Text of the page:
When Trevor and Rona returned from the mission field they could not afford to live in Bournemouth, but settled in Sheffield where house prices are cheaper. Here they began an outreach to Moslems. Trevor suffered a heart attack in Sheffield and following that they returned to their sending church here in Bournemouth.

In their latter years they remained active in the church and Trevor continued to visit the local mosque where his gentle and winning manner was accepted as he tried to win Moslems for Christ. Recently, Rona has suffered a series of strokes, which left her frustrated and she began to find it difficult to communicate. She died this morning. Even now she will be welcomed in heaven. Well done, good and faithful servant!

Saturday, December 13, 2008

The Ashes of San Francisco.

Back from San Fransisco. This was my second visit, but I can't remember much about the last one except walking on the boardwalk at Pier 39 is warm sunny weather. This time we spent a week there and had more time to explore.

We stayed at Fisherman's Wharf which in winter is a quiet spot lacking the bustle of the Downtown area. The Shearaton was a perfectly acceptable hotel, though it lacks a proper restaurant. The skyscraper hotels in Downtown may have been plusher, but I disliked the crowds and shopping is not one of my pleasures. The weather was mostly fine, though we had one day of rain and overcast skies. Otherwise it was sunny with temperatures in the sixties. Early morning faogs were not really a problem for us.

The main attraction in SF is Alcatraz, which all visitors must see.Set just over a mile from the shore it was first a fort, then a military prison then a Federal one. Famous inmates included Al Capone, 'Machine-gun' Kelly and Robert 'Birdman' Stroud. Trick question: How many birds did Robert Stroud have at Alcatraz? Answer: None; he had them at Leavenworth. He used the birdseed to make alcohol and was refused birds when he did 'bird' on the island.

The cells were very small and 'D' wing where the prisoners were kept in darkness was particularly oppressive, though the cells were larger there. Did Frank Morris and his two colleagues really make good their escape as the Clint Eastwood film suggests? No-one knows, but their bodies were never found.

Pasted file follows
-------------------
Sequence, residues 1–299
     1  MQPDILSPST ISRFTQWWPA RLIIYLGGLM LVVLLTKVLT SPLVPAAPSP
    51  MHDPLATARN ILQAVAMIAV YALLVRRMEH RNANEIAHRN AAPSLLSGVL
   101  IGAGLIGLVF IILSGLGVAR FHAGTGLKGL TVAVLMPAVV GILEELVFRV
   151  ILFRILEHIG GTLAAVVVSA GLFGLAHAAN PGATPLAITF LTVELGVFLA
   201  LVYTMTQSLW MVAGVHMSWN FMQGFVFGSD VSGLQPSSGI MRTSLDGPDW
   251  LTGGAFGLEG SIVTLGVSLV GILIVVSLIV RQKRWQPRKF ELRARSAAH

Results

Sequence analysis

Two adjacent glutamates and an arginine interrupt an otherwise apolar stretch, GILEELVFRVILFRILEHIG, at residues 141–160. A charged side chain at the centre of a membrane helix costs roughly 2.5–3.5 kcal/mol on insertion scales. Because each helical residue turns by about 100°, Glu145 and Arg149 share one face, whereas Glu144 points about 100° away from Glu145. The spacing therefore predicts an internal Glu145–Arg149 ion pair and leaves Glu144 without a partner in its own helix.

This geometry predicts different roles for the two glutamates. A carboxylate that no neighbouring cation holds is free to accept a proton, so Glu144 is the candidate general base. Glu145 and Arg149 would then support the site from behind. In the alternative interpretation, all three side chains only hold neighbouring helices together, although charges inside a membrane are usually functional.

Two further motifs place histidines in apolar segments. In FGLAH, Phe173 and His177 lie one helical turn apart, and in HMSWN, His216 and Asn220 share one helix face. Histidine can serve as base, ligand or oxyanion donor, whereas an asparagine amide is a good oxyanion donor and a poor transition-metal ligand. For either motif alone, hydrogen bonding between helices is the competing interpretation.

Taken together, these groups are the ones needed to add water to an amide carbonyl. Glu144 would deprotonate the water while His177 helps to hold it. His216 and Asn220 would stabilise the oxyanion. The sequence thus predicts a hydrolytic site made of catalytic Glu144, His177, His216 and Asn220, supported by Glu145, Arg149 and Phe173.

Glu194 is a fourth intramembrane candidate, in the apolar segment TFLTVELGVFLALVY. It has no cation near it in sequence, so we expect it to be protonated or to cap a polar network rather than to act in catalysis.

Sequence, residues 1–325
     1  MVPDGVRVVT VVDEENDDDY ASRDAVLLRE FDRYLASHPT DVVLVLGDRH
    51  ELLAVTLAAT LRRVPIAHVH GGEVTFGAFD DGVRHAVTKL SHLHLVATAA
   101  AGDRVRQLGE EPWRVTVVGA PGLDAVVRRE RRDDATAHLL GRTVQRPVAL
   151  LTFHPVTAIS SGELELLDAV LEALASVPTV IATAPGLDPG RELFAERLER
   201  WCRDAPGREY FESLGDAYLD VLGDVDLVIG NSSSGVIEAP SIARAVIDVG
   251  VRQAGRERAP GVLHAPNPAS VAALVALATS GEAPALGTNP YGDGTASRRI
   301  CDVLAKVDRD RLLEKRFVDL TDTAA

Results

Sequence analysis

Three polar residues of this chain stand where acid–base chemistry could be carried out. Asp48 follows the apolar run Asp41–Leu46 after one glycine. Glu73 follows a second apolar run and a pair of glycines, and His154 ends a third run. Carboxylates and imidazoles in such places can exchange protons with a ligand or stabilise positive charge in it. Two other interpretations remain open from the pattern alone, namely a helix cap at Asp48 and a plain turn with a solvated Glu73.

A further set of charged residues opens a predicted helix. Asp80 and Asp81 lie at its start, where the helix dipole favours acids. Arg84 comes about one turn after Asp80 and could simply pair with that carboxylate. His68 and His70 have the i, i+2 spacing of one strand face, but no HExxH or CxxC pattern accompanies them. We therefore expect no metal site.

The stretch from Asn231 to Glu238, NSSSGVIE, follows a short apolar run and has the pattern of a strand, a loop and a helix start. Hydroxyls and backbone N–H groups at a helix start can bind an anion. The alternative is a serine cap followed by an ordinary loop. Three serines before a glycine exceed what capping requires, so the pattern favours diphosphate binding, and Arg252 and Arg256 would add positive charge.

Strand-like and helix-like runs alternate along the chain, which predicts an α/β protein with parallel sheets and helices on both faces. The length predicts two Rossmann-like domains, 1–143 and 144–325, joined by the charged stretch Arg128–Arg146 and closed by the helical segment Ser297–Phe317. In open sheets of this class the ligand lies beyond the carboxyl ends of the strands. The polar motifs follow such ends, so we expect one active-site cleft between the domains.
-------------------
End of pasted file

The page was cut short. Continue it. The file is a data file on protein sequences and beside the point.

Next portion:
Muir woods, over the other side of the Golden Gate bridge is a forest of giant redwoods approached by a scary mountain road. The redwoods came in useful for construction during the gold rush, but were very flammable in 1906 when the earthquake set the city alight. With water supplies disrupted by the quake, the only way to control the fire was with a fire break. All the wooden buildings downtown of Van Ness Avenue were demolished. Jack London, the author of 'Call of the Wild'. sought to make money be replanting the forests felled for timber and bought in quick-growing eucalyptus trees from Australia. Unfortunately these are useless as lumber and he lost his money. Nevertheless their progeny abound in the woods and glades around San Francisco.

We took a bus tour round the city seeing Haight-Ashbury, the Victorian houses, the gay district at Castro, Lombard Street - the second crookedest street in America after Wall Street, and looked down on the city from Twin Peaks. We rode two of the trolley cars and took the 'F-train' in tramcars from Milan and Birmingham. The 1989 earthquake severely damaged the double-decker road around the bay, and rather than rebuild it, the city decided to replace it with a light railway and bought in disused tramcars from around the world.